In the People’s Interests: LSPR in conversation with Colin Gonsalves

Prannv Dhawan speaks with Senior Advocate Colin Gonsalves, founder of Human Rights Law Network (HRLN) and Recipient of the Right Livelihood Prize.


LSPR: What do you think has been the course of changes in the development of Public Interest Litigation throughout the world, especially in developing countries?
Public Interest Litigation is a very revolutionary and dynamic tool which seeks to provide justice to people. Compared to Europe and the USA, PIL is more active and widely practiced in India.

It is interesting to notice that there is a shift of the centre of public interest litigation from America towards the developing nations. Columbia, a small country which still faces the ramifications of civil war, is doing some extraordinary work. Similarly, in Africa and low developed countries such as Nepal, interesting changes are taking place. It abolished marital rape 9 years ago. In fact, Pakistan has also brought about a huge change in suo moto public interest litigation. These are pithy but decisive judgements. These movements are primarily initiated by lawyers who even end up being jailed in the process. Women lawyers especially are quite an interesting lot of people who are more ardent towards seeking justice for people.

It may be a fact that public interest litigation started in America, but lately, there have not been many developments there. Earlier the US used to set precedents but times have certainly changed. It has been displaying a lag in the understanding of public interest law. Even today, the US does not accept the notion of collective rights, which has developed tremendously in the developing world. Economic rights of everyone are not seen as ‘justifiable’. So what is evident here is the outdated notion of separation of powers and undermining of individual rights.

LSPR: What according to you should be the role of judges in case of the disintegration of governance? What should be their priorities while taking decisions affecting the public at large?
When governance is declining, the primary duty of the judges in India is to uphold fundamental rights. When it comes to the enforcement of fundamental rights, they should not allow the state to tell the public that it has no funds. Enforcement of human rights is the first charge of the exchequer of the state. The argument put forth by the government that working for public welfare would lead to government budget distortion is inherently flawed.

LSPR: What do you think is the current state of public welfare in the country?
With a spurt in globalization, there has been a reduction in the role of the state in providing for necessaries to the public. The new trend puts forward a very succinct message that the state has no business in education and healthcare. This can be seen prevalent in the policies of all large developed and developing nations.

Today, the global financial institutions such as the World Bank, International Monetary Organization focus on the development of nations as a whole and are not supportive of welfare schemes such as subsidies. These institutions believe that subsidies pose a fiscal threat to the economy as in case of failure of crops, they may lead to a trickle-down effect. Since the orders of the World Bank is considered to be “word of God”, many nations have refrained from providing subsidies to the farmers.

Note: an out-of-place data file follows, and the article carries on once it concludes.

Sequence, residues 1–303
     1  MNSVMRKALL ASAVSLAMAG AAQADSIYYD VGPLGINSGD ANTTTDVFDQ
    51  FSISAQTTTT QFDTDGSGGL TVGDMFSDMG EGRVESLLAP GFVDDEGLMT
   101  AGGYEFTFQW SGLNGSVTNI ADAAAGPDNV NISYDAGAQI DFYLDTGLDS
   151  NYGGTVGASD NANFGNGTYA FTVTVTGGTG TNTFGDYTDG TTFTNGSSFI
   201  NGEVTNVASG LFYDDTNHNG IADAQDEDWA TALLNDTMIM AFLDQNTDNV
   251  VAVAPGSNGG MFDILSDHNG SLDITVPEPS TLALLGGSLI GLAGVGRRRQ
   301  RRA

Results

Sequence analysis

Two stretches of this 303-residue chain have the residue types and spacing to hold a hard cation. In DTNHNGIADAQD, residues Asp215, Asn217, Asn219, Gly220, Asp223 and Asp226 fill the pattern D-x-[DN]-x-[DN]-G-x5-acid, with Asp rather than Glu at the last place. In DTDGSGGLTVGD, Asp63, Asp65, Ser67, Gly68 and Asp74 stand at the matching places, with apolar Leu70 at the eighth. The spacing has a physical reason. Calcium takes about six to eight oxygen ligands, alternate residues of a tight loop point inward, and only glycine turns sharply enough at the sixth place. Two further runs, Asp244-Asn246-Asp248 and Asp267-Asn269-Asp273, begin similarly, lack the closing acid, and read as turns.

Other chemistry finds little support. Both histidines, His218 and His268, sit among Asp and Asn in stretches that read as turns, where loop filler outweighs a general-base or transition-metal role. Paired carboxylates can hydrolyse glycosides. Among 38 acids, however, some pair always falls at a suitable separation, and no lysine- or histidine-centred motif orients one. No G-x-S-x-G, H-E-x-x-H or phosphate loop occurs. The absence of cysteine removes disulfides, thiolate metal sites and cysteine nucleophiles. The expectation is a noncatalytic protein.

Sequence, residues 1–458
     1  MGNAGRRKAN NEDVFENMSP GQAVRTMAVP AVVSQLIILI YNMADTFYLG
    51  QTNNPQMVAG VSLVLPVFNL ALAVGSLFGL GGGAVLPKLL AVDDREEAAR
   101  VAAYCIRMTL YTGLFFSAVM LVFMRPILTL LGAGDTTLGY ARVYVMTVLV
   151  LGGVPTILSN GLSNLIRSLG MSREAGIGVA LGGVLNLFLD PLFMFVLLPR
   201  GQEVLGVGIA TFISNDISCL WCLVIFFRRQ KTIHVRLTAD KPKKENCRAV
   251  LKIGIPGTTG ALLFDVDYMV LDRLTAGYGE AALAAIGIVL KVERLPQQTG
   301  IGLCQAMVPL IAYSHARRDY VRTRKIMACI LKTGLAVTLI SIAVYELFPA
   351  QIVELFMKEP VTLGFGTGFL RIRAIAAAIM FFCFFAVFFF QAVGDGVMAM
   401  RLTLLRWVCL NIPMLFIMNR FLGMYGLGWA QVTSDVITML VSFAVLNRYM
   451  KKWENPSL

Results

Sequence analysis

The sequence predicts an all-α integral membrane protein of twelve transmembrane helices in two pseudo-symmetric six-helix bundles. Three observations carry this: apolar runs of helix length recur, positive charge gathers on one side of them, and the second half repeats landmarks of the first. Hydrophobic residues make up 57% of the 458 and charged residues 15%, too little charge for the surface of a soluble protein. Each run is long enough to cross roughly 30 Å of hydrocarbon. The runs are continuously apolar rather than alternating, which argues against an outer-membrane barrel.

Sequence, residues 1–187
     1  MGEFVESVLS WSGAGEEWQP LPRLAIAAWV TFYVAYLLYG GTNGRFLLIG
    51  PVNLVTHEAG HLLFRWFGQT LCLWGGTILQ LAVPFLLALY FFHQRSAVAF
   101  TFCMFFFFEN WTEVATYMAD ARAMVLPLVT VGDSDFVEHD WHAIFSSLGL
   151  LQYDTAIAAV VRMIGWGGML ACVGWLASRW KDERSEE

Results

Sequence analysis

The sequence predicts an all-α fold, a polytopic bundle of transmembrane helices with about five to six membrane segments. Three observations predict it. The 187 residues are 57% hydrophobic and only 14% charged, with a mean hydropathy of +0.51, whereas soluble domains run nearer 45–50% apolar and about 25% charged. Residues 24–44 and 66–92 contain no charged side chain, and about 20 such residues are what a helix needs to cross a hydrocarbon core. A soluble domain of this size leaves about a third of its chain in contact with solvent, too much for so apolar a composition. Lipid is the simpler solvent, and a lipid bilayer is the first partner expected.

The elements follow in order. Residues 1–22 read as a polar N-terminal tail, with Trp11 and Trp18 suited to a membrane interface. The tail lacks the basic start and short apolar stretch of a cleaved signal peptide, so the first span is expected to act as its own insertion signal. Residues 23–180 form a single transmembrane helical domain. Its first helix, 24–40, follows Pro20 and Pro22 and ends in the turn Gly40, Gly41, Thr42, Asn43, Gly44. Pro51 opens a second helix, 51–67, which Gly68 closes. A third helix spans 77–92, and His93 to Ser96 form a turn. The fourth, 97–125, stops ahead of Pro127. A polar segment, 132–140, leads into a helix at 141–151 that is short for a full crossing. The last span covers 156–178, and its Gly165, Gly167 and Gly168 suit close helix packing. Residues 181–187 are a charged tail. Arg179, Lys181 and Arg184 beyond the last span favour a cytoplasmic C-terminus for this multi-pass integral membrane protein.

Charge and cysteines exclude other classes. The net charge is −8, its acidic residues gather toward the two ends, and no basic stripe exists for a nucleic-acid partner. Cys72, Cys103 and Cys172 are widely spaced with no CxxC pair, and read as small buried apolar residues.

The general belief in this era is that the answer to impending human problems is the development of industries, businesses which in turn will give people jobs and money for subsistence.

LSPR: What was your experience while working on the iconic 2001 Right to Food case? What difference do you think has the order made?
If you look into the background of the order, it was released at such a time when the public distribution system was on the verge of being lobbed out. Congress being in power didn’t have the courage to ask courts to withdraw the order because they were already about to close down the public distribution system. They were not in a position to restrain any order because of the constant political pressure.

This is not to say that the current BJP government is any better. There is practically no difference between the BJP and Congress governments. In fact, Prime Minister Modi has withdrawn public welfare schemes such as MNREGA, National maternity benefit scheme and quite a few. But the Right to food case had a huge impact on globalization which tends to ignore sorrows of the poor Indian population. Jean Dreze, Kavita Srivastava and all right to food activists are the unspoken heroes of the campaign. I was a happy beneficiary of all their instructions. I was a young lawyer and not any designated senior. Being my first year before the Supreme Court, odds were stacked against me. I remember standing before Justice Kirpal with my heart hammering, while he asked to make it a case for the whole country.

I have always believed that we cannot have an indirect system like Americans where their constitution does not allow direct Writ Petitions before the U.S. Supreme Court. The result of this case is said to be a victory for human dignity. The Court continuing mandamus of public interest litigation ordered the enforcement of a free midday meal for all schoolchildren and subsidised grain for over 400 million Indians living below the poverty line. It forced the government to spend millions on the Right to Food program without any opportunity to wash their hands off the responsibility. It was a great learning experience for me as I learned how to handle the work at the Supreme
Court and continue to serve the needs of mankind.

LSPR: As an expert in the area of human rights, do you think Human Rights Law is a promising area for young lawyers in the country?
I believe Human Rights Law is the mainstream field of law. A young lawyer with conviction and courage can change the course of history in the second or third year of practice.